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Tapping our love of maple syrup
New book delves into Minnesotans’ fondness for the sweet, gooey liquid
Last week, the only thing I knew about pure maple syrup was that I liked it on pancakes, and that it somehow came from the sap of maple trees.
It’s hard to imagine how a liquid can come from a solid tree. Now, after reading the new book “Modern Maple” by Teresa Marrone of Minneapolis and attending a talk she gave at the Minnesota History Center, my knowledge of maple syrup has expanded a great deal.
Here’s what I learned:
• Pure maple syrup is only produced in the northeastern quarter of the United States and adjoining Canadian provinces and NO other place in the world.
• Maple syrup can also be made from sap from the boxelder tree.
• About 40 gallons of sap are needed to make one gallon of syrup.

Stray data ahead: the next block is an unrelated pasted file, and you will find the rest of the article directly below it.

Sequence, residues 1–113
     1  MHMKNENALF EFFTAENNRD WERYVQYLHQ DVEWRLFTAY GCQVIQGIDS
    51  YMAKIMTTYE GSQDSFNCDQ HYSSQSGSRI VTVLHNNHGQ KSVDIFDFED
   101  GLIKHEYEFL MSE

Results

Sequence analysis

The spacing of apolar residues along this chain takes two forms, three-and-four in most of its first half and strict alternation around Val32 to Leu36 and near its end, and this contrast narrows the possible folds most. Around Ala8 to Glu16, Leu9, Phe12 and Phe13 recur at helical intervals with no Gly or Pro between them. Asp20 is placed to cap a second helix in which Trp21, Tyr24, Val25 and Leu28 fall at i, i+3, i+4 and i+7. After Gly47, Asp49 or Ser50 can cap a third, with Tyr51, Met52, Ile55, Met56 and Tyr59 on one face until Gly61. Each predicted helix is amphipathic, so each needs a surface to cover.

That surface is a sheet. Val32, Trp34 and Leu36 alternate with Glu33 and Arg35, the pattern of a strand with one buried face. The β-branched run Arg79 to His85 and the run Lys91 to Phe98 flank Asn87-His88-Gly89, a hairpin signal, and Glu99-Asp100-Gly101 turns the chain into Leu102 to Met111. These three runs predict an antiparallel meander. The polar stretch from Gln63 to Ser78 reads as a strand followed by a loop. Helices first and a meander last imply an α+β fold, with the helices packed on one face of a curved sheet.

• Maple syrup is a tasty ingredient that can be used in many different recipes.
• The sap from the tree is a clear color, but after boiling off the water, it turns amber and sweet.
And there’s more ...
Mid-March to early April is the time for collecting sap and processing it into maple syrup. That’s when the temperature goes from below freezing at night to above freezing during the day. This is when the sap travels from the roots up into the tree.
“Sap is collected during the time this freeze-thaw cycle occurs regularly,” Marrone writes. The springtime sap that drips slowly from maple and boxelder trees is definitely not the sweet liquid we’re familiar with. It looks like water when it comes from the tree.